Toyota’s slogan calls out, “let’s go places,” and the open road is not the only destination. Toyota can take you out on the water and in style. Lexus is in the yacht market, and It has caught the attention of our yacht insurance specialists (all boating enthusiasts themselves).
The Japanese automotive giant launched a Lexus sport yacht in 2017 to positive feedback from journalists, those in the marine industry, and yachting enthusiasts.
The engineering excellence we’ve come to associate with Toyota vehicles on land is now on the water.
Didn’t know that Toyota has a Marine Division in Japan? They have been actively pursuing the marine market in recent years with powerboats for fishing or cruising. As you might expect of a leading luxury car manufacturer, Toyota unveiled a production model of their 65-foot Lexus 650 yacht to considerable fanfare. If you’re curious, it’s priced at four million, and yes, we can provide you with yacht insurance.
The luxury yacht features sleek, modern finishes from stem to stern, with expensive wood accented by shiny metal and incredibly comfortable upholstered seating in natural, neutral tones.
As you’d expect, the galley kitchen offers every amenity you could want for food preparation out at sea. There are three spacious staterooms, each of which has an ensuite bathroom with a toilet and shower. Whoever gets the master stateroom will enjoy additional comfort with a lovely sofa for lounging and a walk-in closet.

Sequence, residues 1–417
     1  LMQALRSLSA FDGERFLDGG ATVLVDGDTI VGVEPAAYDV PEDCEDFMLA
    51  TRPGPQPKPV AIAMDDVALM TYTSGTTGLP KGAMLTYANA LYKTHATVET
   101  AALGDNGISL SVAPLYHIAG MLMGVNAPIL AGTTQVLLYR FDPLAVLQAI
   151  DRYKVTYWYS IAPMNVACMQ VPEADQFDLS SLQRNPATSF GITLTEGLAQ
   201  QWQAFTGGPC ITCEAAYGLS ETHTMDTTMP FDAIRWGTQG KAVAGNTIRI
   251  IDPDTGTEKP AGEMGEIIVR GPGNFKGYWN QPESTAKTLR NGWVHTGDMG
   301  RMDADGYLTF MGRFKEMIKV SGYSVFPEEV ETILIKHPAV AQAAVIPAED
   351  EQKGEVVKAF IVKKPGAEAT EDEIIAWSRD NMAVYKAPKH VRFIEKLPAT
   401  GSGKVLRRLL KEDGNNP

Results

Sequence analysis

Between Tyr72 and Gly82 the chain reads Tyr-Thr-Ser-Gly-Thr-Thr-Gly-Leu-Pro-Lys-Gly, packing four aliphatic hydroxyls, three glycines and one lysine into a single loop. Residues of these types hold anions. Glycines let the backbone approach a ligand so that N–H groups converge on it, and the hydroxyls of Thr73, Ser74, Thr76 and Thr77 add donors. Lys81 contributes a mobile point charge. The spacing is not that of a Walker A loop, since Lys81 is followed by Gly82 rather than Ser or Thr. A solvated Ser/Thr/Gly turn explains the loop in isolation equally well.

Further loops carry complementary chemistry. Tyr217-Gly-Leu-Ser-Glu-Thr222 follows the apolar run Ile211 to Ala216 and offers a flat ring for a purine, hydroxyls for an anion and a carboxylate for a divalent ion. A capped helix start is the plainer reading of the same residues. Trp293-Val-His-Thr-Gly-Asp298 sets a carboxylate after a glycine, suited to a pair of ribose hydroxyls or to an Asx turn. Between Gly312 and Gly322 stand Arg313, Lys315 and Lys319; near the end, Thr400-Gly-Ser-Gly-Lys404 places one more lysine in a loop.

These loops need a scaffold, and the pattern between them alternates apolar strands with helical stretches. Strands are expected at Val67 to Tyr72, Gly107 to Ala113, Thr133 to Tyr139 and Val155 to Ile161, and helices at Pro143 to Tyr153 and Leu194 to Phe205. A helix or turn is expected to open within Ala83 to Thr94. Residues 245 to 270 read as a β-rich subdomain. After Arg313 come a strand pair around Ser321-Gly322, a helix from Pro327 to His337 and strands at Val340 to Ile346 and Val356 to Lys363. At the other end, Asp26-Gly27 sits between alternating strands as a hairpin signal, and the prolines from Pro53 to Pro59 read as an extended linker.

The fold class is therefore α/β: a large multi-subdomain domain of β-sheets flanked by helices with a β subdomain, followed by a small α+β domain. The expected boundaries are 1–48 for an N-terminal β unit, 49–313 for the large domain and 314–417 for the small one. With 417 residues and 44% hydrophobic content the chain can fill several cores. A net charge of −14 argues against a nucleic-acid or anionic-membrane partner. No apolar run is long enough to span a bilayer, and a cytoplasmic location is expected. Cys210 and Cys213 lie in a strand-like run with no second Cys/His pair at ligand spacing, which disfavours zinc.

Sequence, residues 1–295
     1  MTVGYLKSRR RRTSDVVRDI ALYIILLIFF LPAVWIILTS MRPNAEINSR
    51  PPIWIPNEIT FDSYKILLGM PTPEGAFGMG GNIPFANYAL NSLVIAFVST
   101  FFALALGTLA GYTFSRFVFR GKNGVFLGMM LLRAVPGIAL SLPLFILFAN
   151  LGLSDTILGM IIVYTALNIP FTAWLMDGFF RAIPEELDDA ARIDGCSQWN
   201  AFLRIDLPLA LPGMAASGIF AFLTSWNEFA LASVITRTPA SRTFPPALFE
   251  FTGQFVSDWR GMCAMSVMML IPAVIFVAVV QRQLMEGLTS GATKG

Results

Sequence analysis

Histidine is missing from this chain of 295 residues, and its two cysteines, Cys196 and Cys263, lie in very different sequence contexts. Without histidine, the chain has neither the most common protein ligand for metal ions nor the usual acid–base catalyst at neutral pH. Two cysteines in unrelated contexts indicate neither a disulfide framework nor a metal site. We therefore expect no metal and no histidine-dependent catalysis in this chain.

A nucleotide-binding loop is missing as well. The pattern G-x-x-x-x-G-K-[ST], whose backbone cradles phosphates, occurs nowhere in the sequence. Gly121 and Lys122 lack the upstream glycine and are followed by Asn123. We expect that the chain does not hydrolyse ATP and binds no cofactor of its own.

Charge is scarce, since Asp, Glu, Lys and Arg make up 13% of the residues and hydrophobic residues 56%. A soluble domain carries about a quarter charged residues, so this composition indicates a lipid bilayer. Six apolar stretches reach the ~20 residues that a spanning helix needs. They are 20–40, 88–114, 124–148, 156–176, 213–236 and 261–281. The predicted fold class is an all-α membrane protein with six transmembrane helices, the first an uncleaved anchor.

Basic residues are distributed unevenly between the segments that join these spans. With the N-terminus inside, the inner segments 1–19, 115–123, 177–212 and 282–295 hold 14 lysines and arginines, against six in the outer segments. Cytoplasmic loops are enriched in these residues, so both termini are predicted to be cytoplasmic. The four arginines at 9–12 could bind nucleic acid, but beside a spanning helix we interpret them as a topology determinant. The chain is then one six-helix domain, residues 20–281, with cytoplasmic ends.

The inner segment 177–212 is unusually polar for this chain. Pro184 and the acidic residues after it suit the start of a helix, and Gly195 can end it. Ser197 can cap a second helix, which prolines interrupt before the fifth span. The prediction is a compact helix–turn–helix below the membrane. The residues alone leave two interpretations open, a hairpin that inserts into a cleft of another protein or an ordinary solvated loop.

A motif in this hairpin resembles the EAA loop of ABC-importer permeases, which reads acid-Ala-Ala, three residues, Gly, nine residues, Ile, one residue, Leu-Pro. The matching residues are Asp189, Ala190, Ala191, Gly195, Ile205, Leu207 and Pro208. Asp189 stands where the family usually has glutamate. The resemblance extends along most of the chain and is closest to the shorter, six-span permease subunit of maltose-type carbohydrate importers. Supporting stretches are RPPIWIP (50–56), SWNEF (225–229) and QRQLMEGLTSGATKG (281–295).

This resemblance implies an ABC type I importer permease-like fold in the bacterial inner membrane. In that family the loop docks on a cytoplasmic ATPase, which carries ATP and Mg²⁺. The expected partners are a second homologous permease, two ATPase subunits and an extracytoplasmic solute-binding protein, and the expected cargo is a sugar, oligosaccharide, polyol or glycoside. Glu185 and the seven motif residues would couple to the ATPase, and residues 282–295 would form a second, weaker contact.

Everything on board is well-finished and elegant without being opulent. There is room for entertaining between six to eight guests as you enjoy what the company has coined, “an extension of the Lexus lifestyle.”
The Lexus 650 yacht has been designed not just for looks, but also for exceptional handling and stability. Twin high-performance V8 engines (Lexus, of course!) power your recreational touring.
The upper deck and outer hull are constructed with carbon-fiber-reinforced plastic (CFRP), also used in race cars and high-performance military aircraft. The benefit is that CFRP is much lighter than the usual fiberglass reinforced plastic (FRP) used for marine craft.